From the unsubstantiated assertions that Putin fixed the US election, the fake claims of Russian hacking, the hysterical and baseless claims of Facebook ads paid for by the Kremlin, Washington’s banning of RT and Sputnik ads and Theresa May’s speech calling Russia a threat to Western civilisation, the attempts to demonise Russia and Vladimir Putin have taken a sinister, McCarthy-ite turn.
From the colonial-imperial wars of the early 19th century through to the 1950s in Syria and the early 1980s in Afghanistan and beyond, the objectives of the Western powers has always been the same – the drive for profits. In which we critique the role both the Right and the Left in Britain have, and are, playing in the propaganda process. Has there ever been an ethical dimension in relation to UK foreign policy in Syria and elsewhere?
NATO wants Europe to upgrade its roads, bridges and rail networks. Not because of dilapidated infrastructure, or to make it easier for people to travel across the continent – let alone their own countries – but so they can handle the weight of its heavy tanks and military equipment for what it deems an inevitable invasion of Russia. Though it has yet to commit a single crime, up to 10,000 NATO troops have amassed on Russia’s border states, in lieu of a war that hasn’t happened yet.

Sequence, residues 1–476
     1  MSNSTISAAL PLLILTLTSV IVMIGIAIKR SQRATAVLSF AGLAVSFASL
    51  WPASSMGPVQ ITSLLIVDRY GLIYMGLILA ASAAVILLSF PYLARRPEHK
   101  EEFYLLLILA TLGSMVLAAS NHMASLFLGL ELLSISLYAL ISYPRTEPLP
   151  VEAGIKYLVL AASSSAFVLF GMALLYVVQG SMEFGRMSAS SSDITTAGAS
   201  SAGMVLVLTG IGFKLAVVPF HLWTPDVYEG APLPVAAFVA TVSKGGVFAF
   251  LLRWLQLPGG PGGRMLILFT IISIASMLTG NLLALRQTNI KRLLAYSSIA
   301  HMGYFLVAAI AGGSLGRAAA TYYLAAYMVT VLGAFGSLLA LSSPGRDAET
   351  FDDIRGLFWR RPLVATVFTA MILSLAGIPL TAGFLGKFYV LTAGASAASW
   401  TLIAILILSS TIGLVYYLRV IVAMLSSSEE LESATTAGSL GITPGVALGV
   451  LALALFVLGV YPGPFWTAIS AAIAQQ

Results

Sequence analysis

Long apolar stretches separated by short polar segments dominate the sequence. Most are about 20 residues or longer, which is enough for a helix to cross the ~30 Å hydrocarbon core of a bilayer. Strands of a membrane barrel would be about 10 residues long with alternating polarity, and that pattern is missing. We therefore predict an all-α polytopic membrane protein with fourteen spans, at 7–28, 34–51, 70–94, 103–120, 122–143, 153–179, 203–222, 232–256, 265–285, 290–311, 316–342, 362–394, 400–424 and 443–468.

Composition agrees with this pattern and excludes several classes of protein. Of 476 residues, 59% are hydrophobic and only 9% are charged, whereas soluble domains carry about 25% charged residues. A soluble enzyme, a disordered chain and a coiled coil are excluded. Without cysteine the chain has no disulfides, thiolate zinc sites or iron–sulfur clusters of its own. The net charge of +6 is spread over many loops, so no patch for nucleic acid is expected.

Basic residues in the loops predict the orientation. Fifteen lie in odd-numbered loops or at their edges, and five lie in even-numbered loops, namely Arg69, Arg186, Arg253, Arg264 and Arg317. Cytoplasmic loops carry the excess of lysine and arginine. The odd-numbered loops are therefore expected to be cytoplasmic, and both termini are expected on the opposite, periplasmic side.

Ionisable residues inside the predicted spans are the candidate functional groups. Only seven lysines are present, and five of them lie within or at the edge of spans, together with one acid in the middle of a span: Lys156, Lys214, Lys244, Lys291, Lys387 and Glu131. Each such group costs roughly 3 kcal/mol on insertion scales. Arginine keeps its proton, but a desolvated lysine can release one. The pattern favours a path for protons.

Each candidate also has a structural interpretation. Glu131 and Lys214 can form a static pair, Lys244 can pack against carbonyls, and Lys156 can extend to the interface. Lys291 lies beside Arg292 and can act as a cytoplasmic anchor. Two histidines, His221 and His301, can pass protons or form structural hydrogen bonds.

Given the column-inches devoted to maligning Kim Jong Un as some kind of crazed war-maker, you’d be forgiven for having the impression that North Korea is provoking a potential military conflict in the Asia-Pacific. In reality, America has been trying to provoke war with the country since the 1950s when President Harry S Truman imposed a military dictatorship in South Korea, crippling sanctions on North Korea, and wiping out four million Koreans with napalm and white phosphorus from 1950-53. Don’t be fooled. Tensions with North Korea are entirely of America’s own making.
Poking fun at North Korea’s Kim Jong-un has become a global past-time, but while people often deride him as crazy, the North Korean leader’s actions are part of a highly rational long-game. Former Australian Army Officer and defence specialist, Matt Jones says Kim Jong-Un is a skilled operator who will stop at nothing to reunify the Korean peninsula on his own terms.